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Israeli Occupation of South Lebanon Unjust

Israeli Occupation of South Lebanon Unjust

It was March 14, 1997. A crowd had gathered in Lobby 7 around a display put up by Lebanese students at MIT in order to commemorate the day Israel invaded Lebanon, 19 years earlier. A myriad of pictures of dead babies and massacred men, women and children occupied most of the display. Sadly, it was not the horrific sight of human suffering that prompted the turmoil.

The object of controversy in Lobby 7 was one particular picture depicting Lebanese freedom fighters. The picture was placed next to images of Israeli heavy artillery, which were bombarding Lebanese villagers. We were struck by the fact that so many people found nothing objectionable about pictures of Israeli forces bombing Lebanese civilians but were scandalized by a single picture of Lebanese men or women fighting for their right to live free. "I can't believe you are actually endorsing terrorists," someone said.

One year later, we stop to ask: "How did right become wrong? How did the freedom fighter become the terrorist, and how could the oppressor of his/her people appeal to the world as a victim?" When Israel first invaded South Lebanon, twenty years ago, the stated objective was to eliminate the military presence of the Palestinian Liberation Organization in South Lebanon. Four years later, in 1982, in a bloody full-scale invasion that caused the deaths of over 20,000 Lebanese civilians, Israel expelled the PLO and all of its military wings from all of Lebanon.

The expulsion of the PLO from Lebanon completely nullified the stated reason for Israel's occupation. In effect, since 1982, Israel has had no explicitly stated reason to stay in South Lebanon except to fight the Lebanese resistance. Thus, Israel has forced itself into a vicious cycle whereby its presence in Lebanon is only to fight a resistance born out of and feeding off its own occupation.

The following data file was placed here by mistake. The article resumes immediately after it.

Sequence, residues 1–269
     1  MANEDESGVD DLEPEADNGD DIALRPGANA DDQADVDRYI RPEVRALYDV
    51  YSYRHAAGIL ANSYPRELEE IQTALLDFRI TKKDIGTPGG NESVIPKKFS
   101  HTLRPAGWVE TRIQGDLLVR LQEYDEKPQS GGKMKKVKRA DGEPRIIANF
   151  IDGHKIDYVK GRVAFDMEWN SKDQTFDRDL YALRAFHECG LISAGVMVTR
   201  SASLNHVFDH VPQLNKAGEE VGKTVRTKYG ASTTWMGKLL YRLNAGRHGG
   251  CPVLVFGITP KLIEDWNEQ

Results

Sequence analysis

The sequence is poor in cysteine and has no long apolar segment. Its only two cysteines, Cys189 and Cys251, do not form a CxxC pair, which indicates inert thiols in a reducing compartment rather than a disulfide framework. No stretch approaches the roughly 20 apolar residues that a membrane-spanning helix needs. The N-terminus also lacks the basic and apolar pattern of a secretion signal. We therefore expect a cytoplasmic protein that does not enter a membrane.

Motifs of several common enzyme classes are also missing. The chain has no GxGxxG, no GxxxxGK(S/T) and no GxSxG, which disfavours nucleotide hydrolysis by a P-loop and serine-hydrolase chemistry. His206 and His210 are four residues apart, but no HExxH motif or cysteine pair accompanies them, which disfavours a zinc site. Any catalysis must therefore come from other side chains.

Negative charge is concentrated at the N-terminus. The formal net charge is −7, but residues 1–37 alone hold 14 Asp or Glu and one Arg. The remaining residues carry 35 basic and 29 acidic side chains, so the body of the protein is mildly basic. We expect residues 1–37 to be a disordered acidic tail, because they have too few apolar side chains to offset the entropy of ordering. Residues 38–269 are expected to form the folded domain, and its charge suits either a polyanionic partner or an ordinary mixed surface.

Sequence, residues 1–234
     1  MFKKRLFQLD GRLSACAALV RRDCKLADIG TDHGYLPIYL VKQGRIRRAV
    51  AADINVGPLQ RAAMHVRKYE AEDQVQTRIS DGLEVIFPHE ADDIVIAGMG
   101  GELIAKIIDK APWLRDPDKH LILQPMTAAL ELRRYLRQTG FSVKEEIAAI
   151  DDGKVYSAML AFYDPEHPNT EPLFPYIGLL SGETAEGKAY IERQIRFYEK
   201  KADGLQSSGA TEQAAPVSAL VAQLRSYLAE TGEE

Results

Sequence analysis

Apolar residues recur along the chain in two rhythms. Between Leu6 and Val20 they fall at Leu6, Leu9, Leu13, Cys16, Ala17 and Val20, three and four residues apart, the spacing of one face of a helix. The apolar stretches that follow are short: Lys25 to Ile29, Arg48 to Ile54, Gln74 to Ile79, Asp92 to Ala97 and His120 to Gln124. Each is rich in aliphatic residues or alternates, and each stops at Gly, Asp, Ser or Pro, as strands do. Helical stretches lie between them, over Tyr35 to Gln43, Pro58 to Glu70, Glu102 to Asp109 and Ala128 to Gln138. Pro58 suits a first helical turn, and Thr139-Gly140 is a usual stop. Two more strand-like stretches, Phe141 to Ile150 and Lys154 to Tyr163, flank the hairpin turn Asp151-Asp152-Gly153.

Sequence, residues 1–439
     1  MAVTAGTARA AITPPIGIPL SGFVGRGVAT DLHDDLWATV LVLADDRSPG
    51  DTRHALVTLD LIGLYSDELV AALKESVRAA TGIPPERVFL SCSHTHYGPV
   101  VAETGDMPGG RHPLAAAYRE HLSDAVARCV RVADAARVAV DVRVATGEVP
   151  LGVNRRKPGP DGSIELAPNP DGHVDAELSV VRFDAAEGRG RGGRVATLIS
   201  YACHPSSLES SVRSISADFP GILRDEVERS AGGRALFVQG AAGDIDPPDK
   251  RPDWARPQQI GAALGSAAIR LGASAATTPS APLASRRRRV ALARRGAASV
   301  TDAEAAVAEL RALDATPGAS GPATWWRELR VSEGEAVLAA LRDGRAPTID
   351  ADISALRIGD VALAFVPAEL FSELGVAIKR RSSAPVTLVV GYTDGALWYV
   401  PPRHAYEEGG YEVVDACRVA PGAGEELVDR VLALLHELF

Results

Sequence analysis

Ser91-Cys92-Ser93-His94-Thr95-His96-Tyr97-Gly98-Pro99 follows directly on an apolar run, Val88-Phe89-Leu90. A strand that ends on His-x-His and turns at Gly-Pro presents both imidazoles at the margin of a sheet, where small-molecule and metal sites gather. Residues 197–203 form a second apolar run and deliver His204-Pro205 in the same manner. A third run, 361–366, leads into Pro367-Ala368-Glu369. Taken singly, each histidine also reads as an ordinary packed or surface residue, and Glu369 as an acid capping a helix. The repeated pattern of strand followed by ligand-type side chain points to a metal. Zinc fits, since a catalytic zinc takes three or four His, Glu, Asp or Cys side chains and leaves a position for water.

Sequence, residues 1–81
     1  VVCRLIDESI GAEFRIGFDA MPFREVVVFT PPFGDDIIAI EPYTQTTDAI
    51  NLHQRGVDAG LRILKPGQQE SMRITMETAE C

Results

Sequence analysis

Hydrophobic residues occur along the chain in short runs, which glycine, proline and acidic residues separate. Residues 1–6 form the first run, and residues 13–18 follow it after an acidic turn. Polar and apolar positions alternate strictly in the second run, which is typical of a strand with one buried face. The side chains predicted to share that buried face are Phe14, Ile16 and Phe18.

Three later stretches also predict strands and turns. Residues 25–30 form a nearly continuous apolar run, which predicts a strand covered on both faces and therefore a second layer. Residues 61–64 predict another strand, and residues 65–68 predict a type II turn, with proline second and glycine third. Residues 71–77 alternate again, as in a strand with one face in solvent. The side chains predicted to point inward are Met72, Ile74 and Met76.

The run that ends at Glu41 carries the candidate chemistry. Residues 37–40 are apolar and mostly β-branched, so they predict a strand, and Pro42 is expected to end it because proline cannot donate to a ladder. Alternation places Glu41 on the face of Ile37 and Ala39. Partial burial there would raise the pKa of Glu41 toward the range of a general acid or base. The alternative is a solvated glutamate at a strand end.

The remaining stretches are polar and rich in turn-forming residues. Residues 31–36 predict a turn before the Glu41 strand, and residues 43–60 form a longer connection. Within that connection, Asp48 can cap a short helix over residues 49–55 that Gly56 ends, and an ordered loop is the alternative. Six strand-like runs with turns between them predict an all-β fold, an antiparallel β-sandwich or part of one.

Sixteen years later, after mourning over 50,000 innocent Lebanese civilians, we, men, women and children, freedom fighters, land plowers, journalists, students and others demand an explanation for this continued occupation. For twenty years now, the South Lebanese citizens have been burdened with continued displacement campaigns, with air and sea raids, with port sieges, with curfews, with drinking water and food rationing, with internationally forbidden weapons (phosphorous bombs, explosive toys, and flechettes), with house demolitions, and with more things than the pages of this issue of The Tech could ever contain. These were all imposed by Israel.

The illegitimacy of this occupation has made the Lebanese people compelled to resist this unfair, unjustified and absurd occupation. By simply staying in villages, despite the daily death threats and executions, by plowing their land, by rebuilding, brick by brick, every demolished house, and by holding arms in legitimate defense, the people of South Lebanon have fought oppression and sought freedom. Resistance to oppression is commonly recognized as the right and the duty of the oppressed.

Yet these freedom fighters, by exercising their right and performing their duty of resistance, do not get their deserved recognition. Instead, they are consistently dismissed in the world press as terrorists and criminals, and labeled as evil.

On this day, the twentieth anniversary of Israeli occupation, we wish to celebrate our freedom fighters. We want to recognize their admirable struggle to protect their people's right to be alive and free. We also want to honor those courageous people who are still living in South Lebanon despite all the imposed miseries and dangers. We invite you to do the same.

Ibrahim C. Abou Faycal G

President, Lebanese Club at MIT